UCLA Law professor E. Tendayi Achiume meets with former U.S. Secretary of State Madeleine Albright at the U.N. meeting in Morocco.
UCLA School of Law professor E. Tendayi Achiume served in a prominent role at a summit where 164 nations adopted the United Nations Global Compact for Safe, Orderly and Regular Migration, the first international agreement on global migration governance, on Dec. 10 and 11.
The nonbinding pact aims to promote international coordination for safe and orderly migration across national borders while ensuring migrants’ human rights. The United States was among the few nations that did not sign it.
A core faculty member of the Promise Institute for Human Rights at UCLA Law, Achiume serves as the U.N.’s Special Rapporteur on Contemporary Forms of Racism, Racial Discrimination, Xenophobia and Related Intolerance.
Achiume meets with Mary Robinson, the former president of Ireland and U.N. high commissioner for human rights.
At an event featuring representatives of U.N. member states and other top international officials, Achiume urged nations to seriously consider how a lack of sustainable and equitable legal and policy frameworks for international migration produces wide-scale crises, chaos and human rights violations.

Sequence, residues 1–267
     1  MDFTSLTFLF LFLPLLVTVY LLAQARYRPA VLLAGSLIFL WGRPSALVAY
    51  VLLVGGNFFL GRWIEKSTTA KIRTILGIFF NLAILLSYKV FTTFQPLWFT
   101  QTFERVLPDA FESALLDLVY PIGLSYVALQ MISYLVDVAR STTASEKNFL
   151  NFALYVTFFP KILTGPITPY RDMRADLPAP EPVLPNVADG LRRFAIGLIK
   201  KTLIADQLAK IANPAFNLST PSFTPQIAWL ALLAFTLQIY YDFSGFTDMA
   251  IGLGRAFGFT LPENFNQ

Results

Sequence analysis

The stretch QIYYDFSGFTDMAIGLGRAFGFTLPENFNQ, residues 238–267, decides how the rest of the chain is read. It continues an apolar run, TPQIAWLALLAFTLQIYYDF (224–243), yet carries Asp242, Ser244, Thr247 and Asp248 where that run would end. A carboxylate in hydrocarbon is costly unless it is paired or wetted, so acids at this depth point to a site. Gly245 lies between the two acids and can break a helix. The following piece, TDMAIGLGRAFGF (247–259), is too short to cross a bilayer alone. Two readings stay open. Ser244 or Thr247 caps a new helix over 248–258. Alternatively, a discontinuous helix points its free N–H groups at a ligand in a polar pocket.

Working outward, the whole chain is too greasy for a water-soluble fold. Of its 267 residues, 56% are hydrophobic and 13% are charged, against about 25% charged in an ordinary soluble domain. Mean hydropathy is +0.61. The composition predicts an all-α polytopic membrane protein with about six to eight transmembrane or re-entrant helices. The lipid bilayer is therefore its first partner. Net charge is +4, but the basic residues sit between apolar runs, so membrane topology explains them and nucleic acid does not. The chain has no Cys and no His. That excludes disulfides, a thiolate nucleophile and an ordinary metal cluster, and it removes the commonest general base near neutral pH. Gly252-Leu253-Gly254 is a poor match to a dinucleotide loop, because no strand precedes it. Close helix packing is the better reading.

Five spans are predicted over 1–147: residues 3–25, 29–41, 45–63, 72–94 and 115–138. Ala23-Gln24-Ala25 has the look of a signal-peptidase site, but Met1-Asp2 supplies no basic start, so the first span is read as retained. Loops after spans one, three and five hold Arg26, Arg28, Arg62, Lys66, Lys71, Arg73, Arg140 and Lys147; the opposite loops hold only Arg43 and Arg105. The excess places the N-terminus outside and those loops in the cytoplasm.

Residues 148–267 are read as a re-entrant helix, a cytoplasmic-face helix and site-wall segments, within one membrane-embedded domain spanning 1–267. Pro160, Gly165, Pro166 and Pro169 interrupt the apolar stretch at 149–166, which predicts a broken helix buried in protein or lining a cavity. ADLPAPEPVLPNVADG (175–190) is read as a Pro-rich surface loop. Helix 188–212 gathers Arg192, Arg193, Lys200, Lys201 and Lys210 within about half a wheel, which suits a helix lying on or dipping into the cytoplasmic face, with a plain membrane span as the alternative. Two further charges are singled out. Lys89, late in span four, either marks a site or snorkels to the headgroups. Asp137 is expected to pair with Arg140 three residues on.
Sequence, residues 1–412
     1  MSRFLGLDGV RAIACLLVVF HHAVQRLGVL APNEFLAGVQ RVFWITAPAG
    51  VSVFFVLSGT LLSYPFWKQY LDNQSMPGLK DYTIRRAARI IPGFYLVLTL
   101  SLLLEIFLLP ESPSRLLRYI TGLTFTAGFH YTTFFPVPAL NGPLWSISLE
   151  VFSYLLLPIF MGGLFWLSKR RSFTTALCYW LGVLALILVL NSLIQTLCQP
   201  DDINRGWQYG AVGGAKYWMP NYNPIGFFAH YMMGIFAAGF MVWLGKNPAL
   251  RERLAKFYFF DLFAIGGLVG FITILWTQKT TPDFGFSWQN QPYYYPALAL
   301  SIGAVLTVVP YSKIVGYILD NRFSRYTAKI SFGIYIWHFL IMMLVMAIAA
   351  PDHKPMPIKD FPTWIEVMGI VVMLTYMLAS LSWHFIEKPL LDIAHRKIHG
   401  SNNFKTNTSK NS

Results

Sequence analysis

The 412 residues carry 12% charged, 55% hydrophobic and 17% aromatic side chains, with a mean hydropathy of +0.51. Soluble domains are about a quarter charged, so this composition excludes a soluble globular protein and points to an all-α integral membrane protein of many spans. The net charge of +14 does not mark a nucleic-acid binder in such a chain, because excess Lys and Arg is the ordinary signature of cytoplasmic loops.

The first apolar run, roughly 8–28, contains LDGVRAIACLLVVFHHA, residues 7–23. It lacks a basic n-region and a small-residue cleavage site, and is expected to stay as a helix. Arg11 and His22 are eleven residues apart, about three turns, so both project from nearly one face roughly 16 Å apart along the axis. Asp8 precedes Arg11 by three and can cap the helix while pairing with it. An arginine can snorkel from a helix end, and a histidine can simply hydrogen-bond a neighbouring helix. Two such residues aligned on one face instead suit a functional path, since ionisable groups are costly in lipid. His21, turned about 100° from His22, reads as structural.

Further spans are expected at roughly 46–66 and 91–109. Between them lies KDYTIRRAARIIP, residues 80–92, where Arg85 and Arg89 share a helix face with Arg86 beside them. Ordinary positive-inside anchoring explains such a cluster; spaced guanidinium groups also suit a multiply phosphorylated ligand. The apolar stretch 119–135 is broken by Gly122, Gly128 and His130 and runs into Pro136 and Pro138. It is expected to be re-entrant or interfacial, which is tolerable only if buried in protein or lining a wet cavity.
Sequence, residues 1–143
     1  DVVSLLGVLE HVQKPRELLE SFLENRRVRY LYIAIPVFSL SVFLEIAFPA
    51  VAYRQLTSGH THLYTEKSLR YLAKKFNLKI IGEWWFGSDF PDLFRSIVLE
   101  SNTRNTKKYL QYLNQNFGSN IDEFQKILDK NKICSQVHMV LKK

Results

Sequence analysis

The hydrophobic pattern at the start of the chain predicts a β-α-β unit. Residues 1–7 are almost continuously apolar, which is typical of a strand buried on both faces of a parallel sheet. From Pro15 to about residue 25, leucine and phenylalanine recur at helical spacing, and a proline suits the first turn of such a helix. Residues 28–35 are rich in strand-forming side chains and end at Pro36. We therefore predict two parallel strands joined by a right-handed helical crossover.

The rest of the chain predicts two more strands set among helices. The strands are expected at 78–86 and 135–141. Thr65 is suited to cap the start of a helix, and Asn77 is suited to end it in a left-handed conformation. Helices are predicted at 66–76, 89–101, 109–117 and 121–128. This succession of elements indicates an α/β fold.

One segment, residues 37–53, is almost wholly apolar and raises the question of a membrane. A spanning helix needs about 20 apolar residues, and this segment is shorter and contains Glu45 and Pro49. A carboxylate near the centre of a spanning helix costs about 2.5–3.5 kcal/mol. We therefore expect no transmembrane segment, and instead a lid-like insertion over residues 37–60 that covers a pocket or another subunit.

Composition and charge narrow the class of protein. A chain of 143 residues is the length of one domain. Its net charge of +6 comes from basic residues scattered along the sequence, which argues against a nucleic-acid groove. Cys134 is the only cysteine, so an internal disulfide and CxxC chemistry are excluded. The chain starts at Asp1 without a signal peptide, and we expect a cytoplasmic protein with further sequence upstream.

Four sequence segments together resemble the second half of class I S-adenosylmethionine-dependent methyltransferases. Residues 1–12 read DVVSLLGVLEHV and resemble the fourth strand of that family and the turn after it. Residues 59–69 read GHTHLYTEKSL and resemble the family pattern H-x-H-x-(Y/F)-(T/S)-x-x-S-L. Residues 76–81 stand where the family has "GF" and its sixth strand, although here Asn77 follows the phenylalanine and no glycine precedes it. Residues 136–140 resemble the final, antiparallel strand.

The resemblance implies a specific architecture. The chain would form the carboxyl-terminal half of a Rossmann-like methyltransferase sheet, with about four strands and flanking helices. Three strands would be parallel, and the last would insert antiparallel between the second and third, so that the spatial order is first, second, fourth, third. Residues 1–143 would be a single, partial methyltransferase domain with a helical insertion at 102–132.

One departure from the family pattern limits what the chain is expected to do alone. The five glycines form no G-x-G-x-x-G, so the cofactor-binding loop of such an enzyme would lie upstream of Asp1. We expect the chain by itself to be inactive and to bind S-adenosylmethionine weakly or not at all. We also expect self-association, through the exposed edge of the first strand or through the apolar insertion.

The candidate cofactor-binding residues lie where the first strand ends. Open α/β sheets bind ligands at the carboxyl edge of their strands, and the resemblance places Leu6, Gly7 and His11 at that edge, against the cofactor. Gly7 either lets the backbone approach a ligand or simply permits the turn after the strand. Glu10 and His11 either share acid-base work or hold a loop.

“We are increasingly confronting the reality that we share a single planet, its atmosphere and its resources,” Achiume said. “This basic truth makes global coordination vital, even just as a matter of the survival of anyone nation or community.”
She also cautioned that border militarization, the racialized criminalization of migration and denying migrants their human rights would do nothing to solve the deeper structural ills that are at the center of populist nationalist backlashes that scapegoat migrants and refugees.
The trip was Achiume’s third excursion this fall in her role as U.N. special rapporteur. For each trip, she has relied on students in her International Human Rights Clinic to perform extensive research and writing. Students Ohene Ampofo-Anti LL.M. ’19, Amanda Brown ’20, Julie Dargus ’20 and Rie Ohta ’19 collaborated with Achiume to prepare for her work in Morocco.